Hermione next requested two turtle doves. The next day the remaining four princes were found in the stable, trying to coax two doves from the rafters. At the end of the day they were soiled and bruised, but succeeded in giving the princess her gifts. Will simply handed Hermione a box. Curiously she opened it, and then burst into laughter. The crowd was perplexed. Weak from mirth, Hermione held up two tiny turtles that had been covered with white feathers. Three men were accepted.

Now, with the Feast of the Epiphany only a day away, Hermione asked for one last gift: a partridge nesting in a pear tree. Prince Ulric of Dover presented Hermione with a succulent cooked partridge set upon a tree of pears and sticks. Lord Joseph the Wise brought forward a live, young, healthy partridge that was nesting in a large pear tree that had been cut from the frozen ground and, being leafless, was hung with glowing candles. But Will approached the princess with humility, and kneeling before her, held out a small crucifix carved out of pear wood. The crowd shook their heads and clicked their tongues. Will had shown creativity before, but this? They were sure that one of the princes had won this round.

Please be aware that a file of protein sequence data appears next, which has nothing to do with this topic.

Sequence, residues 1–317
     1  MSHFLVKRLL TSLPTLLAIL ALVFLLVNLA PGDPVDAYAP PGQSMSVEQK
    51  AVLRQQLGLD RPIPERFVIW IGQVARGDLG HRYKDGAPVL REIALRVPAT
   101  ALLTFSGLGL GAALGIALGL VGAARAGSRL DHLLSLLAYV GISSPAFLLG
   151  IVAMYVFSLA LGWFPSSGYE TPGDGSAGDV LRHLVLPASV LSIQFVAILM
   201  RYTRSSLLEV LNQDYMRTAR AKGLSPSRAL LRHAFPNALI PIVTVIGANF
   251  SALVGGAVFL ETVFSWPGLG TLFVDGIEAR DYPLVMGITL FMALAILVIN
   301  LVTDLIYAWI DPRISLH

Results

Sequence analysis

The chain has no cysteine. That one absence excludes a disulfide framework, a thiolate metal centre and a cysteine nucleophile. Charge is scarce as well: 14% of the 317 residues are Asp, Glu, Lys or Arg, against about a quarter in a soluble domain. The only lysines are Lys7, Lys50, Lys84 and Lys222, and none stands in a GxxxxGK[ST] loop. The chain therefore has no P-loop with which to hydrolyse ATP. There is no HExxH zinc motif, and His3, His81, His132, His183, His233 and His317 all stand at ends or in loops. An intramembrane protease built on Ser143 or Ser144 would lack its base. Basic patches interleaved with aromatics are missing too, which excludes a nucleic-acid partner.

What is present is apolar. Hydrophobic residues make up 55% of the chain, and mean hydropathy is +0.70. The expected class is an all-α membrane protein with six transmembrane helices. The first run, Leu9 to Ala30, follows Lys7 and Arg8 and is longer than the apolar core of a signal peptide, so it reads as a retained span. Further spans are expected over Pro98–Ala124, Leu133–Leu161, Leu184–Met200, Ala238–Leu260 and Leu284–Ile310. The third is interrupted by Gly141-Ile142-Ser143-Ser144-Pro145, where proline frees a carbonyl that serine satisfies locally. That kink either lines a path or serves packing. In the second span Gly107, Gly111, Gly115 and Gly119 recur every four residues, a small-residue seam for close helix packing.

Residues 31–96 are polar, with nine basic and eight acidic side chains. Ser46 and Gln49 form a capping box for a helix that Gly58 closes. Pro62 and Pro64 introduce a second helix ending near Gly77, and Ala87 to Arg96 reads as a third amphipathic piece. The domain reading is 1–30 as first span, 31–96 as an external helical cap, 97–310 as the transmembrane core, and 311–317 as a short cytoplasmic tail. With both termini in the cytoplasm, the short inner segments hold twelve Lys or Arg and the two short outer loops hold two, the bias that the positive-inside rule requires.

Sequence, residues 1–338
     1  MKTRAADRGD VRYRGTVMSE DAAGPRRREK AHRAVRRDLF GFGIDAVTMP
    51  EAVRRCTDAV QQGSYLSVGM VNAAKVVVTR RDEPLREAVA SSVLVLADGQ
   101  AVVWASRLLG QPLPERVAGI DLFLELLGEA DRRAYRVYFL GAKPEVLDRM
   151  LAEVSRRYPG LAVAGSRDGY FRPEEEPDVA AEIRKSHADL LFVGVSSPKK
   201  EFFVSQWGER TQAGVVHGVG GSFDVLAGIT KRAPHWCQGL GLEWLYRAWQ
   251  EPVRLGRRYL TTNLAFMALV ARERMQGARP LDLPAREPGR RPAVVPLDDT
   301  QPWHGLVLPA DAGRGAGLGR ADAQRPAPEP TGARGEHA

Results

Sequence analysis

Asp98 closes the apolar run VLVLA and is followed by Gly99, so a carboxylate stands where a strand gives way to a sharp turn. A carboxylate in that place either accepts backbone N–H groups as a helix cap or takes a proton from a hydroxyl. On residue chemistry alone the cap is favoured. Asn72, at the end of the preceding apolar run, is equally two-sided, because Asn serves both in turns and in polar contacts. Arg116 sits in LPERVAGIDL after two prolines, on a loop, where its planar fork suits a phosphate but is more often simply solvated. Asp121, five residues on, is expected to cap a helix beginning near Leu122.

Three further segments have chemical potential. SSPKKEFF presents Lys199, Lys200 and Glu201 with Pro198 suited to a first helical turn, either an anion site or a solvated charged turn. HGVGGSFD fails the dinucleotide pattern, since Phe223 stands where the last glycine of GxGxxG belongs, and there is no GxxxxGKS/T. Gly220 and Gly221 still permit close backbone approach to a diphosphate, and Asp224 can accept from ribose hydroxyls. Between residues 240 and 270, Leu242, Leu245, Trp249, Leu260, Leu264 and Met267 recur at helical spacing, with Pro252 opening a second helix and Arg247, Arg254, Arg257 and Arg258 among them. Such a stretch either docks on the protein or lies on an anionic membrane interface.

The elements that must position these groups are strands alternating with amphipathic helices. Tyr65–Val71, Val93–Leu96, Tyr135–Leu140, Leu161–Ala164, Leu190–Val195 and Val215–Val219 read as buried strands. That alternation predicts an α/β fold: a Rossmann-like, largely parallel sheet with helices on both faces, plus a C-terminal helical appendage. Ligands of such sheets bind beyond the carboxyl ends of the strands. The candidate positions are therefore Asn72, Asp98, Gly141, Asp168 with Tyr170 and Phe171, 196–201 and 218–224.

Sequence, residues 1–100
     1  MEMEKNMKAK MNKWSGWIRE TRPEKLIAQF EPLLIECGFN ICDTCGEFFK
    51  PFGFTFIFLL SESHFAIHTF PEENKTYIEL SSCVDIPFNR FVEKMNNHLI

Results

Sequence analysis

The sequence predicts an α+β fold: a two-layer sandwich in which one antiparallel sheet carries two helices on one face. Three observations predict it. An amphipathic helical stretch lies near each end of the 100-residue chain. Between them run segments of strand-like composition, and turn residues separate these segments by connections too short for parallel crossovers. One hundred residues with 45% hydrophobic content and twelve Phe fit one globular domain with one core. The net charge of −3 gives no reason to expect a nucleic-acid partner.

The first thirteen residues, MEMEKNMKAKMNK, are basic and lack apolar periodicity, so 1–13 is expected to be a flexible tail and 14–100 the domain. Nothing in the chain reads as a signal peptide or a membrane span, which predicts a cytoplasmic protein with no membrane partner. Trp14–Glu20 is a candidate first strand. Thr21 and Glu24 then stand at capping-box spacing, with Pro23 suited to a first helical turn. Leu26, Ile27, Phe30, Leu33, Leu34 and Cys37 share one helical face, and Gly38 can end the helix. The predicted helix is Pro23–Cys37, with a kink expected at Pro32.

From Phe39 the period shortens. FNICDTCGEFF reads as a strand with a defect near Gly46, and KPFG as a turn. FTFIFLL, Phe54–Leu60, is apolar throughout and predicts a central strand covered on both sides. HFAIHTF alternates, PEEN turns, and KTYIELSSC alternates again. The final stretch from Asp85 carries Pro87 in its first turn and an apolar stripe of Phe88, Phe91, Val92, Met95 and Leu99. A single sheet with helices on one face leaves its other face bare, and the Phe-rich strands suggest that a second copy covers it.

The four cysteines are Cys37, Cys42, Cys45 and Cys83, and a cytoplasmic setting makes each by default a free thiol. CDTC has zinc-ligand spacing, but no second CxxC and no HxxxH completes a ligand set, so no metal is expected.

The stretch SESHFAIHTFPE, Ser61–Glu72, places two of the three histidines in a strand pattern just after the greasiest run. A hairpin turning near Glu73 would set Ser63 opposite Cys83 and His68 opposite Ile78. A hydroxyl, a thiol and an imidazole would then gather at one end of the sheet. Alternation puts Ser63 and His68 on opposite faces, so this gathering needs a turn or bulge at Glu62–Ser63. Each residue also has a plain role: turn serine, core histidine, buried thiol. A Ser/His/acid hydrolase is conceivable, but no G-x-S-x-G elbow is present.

Hermione’s mouth opened a little, and her face betrayed surprise and wonder. Gently she took the crucifix from Will and cradled it in her hands. “This is… perfect,” she finally said, to everyone’s astonishment.